BROOKSVILLE, Fla. (WFLA) — Gov. Ron DeSantis signed multiple bills aimed at limiting the influence of China’s communist leadership Monday morning.
DeSantis, Agriculture Commissioner Wilton Simpson, and other officials gathered at the American Aviation Flight Academy in Brooksville for the bill signing.
The bills in question were SB 264, SB 846, and SB 258.
The bills prevent sensitive data from being stored on servers connected to the CCP and keep Chinese influence out of education institutes, and block apps like Tik Tok from “government and educational institution servers and devices.”
“Florida is taking action to stand against the United States’ greatest geopolitical threat — the Chinese Communist Party,” said Governor Ron DeSantis. “I’m proud to sign this legislation to stop the purchase of our farmland and land near our military bases and critical infrastructure by Chinese agents, to stop sensitive digital data from being stored in China, and to stop CCP influence in our education system from grade school to grad school.”
“We are following through on our commitment to crack down on Communist China,” he continued.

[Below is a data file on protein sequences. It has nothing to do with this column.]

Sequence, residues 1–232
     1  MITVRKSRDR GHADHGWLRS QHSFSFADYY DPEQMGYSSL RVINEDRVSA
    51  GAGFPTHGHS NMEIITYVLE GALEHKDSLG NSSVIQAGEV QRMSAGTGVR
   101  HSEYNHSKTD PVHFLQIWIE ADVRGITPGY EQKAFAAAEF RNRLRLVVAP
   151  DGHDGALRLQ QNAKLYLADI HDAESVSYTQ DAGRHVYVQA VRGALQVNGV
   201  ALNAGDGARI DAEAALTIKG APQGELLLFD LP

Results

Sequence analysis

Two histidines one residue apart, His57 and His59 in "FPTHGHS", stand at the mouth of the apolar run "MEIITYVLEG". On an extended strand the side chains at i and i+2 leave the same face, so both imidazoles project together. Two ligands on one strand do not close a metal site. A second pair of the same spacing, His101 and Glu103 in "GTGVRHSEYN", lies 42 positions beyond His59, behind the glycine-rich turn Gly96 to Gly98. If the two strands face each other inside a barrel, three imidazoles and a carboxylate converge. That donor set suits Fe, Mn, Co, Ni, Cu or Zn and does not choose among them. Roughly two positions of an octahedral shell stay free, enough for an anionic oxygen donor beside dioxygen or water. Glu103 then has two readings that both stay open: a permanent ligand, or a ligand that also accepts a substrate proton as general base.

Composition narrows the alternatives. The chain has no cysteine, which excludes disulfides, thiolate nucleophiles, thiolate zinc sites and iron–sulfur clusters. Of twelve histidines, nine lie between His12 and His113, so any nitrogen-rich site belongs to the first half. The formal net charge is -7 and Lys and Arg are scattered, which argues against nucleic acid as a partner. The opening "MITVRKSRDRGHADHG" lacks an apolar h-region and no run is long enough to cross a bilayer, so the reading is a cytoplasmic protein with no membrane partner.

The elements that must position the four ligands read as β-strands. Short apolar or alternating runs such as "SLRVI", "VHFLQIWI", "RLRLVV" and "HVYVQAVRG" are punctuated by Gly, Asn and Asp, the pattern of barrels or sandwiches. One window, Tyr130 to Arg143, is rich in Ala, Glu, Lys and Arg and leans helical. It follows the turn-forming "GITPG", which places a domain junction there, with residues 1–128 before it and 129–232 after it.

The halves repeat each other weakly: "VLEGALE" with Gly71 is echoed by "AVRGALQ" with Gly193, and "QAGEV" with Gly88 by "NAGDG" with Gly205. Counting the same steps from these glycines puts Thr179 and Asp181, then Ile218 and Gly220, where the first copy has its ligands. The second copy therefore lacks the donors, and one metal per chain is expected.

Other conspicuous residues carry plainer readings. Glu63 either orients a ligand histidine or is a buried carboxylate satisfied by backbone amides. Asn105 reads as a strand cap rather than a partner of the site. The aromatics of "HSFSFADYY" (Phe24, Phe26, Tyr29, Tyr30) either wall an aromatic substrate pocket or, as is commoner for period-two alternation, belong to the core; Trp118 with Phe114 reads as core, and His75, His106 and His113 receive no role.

The legislation also bans Chinese entities or affiliates from purchasing farmland or other land near military bases or other infrastructure
“Food security is national security, and we have a responsibility to ensure Floridians have access to a safe, affordable, and abundant food supply,” said Commissioner Wilton Simpson. “China and other hostile foreign nations control hundreds of thousands of acres of critical agricultural lands in the U.S., leaving our food supply and our national security interests at risk.”
“Restricting China and other hostile foreign nations from controlling Florida’s agricultural land and lands near critical infrastructure facilities protects our state, provides long-term stability, and preserves our economic freedom,” he continued.”
The bills also curtail the influence of other nations like Venezuela, Cuba, and Syria. Residents of these countries will also be blocked from buying real estate in Florida if they are not citizens or permanent residents of the United States.
While the bills have been lauded by some, others have called them discriminatory toward Asians.
On April 29, Asian American protestors rallied in Orlando against the bills.
“This bill is against the Constitution. This bill is also against the Fair Housing Act,” said resident Grace Feng to NBC affiliate WESH.
However, a Taiwanese official at the conference praised the bill, saying the country, which has been at odds with China for decades, appreciates the state of Florida’s support.
“We thank the governor and the government of Florida for sustaining the partnership with Taiwan and upholding universal values of democracy and liberty for all,” he said.